Advice For Data Breach Claims And Reporting A Data Breach To The ICO

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How To Report A Data Breach To The ICO

By Stephen Hudson. Last Updated March 2024. If an organisation breaches your personal data, you could report the breach to the Information Commissioner’s Office (ICO). The ICO is an independent authority tasked with upholding data subject rights and freedoms. This article will explain how to report a data breach to the ICO.

The UK General Data Protection Regulation (UK GDPR) along with the Data Protection Act 2018 (DPA) are key pieces of data protection legislation. Under Article 33 of the UK GDPR, organisations must report certain data breaches to the ICO within 72 hours. Afterwards, the ICO may investigate the organisation and take action against them.

How to report a data breach to the ICO

In some cases, those affected by a data breach can claim compensation. You might have a valid reason to make a claim if you suffered stress due to the data breach or experienced financial harm. However, there are certain criteria your claim must meet, we will explore these in more detail throughout our guide.

Please contact us for more information on what to do after a data breach. To get in touch, you can:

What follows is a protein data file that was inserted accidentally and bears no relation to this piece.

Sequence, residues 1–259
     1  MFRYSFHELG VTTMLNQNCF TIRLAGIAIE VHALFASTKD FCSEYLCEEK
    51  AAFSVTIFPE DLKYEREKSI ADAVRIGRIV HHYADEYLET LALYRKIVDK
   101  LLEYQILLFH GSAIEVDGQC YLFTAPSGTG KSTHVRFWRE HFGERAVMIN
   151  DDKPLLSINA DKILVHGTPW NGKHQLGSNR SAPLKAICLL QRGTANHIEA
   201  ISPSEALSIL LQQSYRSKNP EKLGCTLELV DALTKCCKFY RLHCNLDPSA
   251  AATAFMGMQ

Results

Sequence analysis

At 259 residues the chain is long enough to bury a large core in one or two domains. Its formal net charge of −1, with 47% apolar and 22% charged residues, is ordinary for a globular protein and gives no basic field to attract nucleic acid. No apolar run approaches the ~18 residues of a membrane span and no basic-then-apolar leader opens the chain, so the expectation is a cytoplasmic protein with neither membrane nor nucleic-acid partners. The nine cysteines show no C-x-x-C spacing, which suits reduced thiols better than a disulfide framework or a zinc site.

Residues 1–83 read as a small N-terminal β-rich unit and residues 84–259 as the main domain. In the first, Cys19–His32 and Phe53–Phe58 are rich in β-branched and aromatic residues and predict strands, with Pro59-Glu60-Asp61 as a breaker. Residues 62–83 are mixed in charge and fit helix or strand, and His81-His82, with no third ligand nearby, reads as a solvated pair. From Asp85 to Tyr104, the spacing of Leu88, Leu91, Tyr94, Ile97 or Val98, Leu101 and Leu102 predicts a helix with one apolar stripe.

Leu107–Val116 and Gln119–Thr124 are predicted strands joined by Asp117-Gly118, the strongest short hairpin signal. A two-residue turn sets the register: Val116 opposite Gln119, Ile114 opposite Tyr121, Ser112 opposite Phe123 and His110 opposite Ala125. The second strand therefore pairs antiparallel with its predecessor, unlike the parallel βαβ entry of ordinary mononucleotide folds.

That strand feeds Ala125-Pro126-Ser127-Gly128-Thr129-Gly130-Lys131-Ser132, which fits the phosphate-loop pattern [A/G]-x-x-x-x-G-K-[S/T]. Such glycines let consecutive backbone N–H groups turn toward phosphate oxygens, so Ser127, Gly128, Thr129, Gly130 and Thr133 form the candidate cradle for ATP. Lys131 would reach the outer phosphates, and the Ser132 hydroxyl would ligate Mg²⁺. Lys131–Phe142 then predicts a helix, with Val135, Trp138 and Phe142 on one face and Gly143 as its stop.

Select A Section

  1. When Should You Report A Data Breach To The ICO?
  2. Who Should Report A Data Breach To The ICO?
  3. How Long Do You Have To Report A Data Breach To The ICO?
  4. How To Make A Personal Data Breach Claim
  5. How Much Could You Claim For A Data Breach?
  6. Data Breach Claims With A No Win No Fee Solicitor

When Should You Report A Data Breach To The ICO?

Before we look at when you should report a data breach to the ICO, it’s important to understand what a data breach is. A personal data breach is a security incident involving your personal data. This can include your personal information being lost, altered or destroyed in an accidental or unlawful way. It can also include your personal information being disclosed or accessed without authorisation.

There are various ways a personal data breach could occur. For example, human error could result in a data breach, such a when posting a letter containing personal data to the wrong postage address. Additionally, a data breach could happen because of deliberate actions, such as cybercriminals hacking into a company’s database to steal information, such as in the case of the British Library.

If a data breach occurs that could impact an individual’s rights and freedoms, then the organisation should report the personal data breach to the ICO within 72 hours. The organisation should also notify the data subjects that their data has been breached without undue delay.

The ICO has the power to investigate organisations that breach data protection and may issue a fine. Any communications between yourself and the ICO can be used as evidence to support your data breach claim. However, it is not necessary to report to the ICO in order to make a personal data breach claim.

Get in touch with our claims team for more information.

Who Should Report The Data Breach To The ICO?

The UK GDPR and the DPA require organisations to protect the personal data they process.